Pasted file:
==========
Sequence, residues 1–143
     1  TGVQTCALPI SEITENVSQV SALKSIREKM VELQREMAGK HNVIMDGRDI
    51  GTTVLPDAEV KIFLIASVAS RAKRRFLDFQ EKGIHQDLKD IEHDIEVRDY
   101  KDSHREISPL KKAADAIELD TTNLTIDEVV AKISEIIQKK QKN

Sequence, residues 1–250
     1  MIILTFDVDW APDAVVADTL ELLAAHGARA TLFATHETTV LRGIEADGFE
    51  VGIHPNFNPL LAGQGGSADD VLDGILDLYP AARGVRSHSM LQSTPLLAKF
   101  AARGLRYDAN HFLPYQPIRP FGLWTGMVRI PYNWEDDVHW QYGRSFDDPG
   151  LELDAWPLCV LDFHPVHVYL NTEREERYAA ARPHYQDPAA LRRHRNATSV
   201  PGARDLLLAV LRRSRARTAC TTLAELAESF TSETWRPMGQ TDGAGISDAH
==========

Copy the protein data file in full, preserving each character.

Sequence, residues 1–143
     1  TGVQTCALPI SEITENVSQV SALKSIREKM VELQREMAGK HNVIMDGRDI
    51  GTTVLPDAEV KIFLIASVAS RAKRRFLDFQ EKGIHQDLKD IEHDIEVRDY
   101  KDSHREISPL KKAADAIELD TTNLTIDEVV AKISEIIQKK QKN

Sequence, residues 1–250
     1  MIILTFDVDW APDAVVADTL ELLAAHGARA TLFATHETTV LRGIEADGFE
    51  VGIHPNFNPL LAGQGGSADD VLDGILDLYP AARGVRSHSM LQSTPLLAKF
   101  AARGLRYDAN HFLPYQPIRP FGLWTGMVRI PYNWEDDVHW QYGRSFDDPG
   151  LELDAWPLCV LDFHPVHVYL NTEREERYAA ARPHYQDPAA LRRHRNATSV
   201  PGARDLLLAV LRRSRARTAC TTLAELAESF TSETWRPMGQ TDGAGISDAH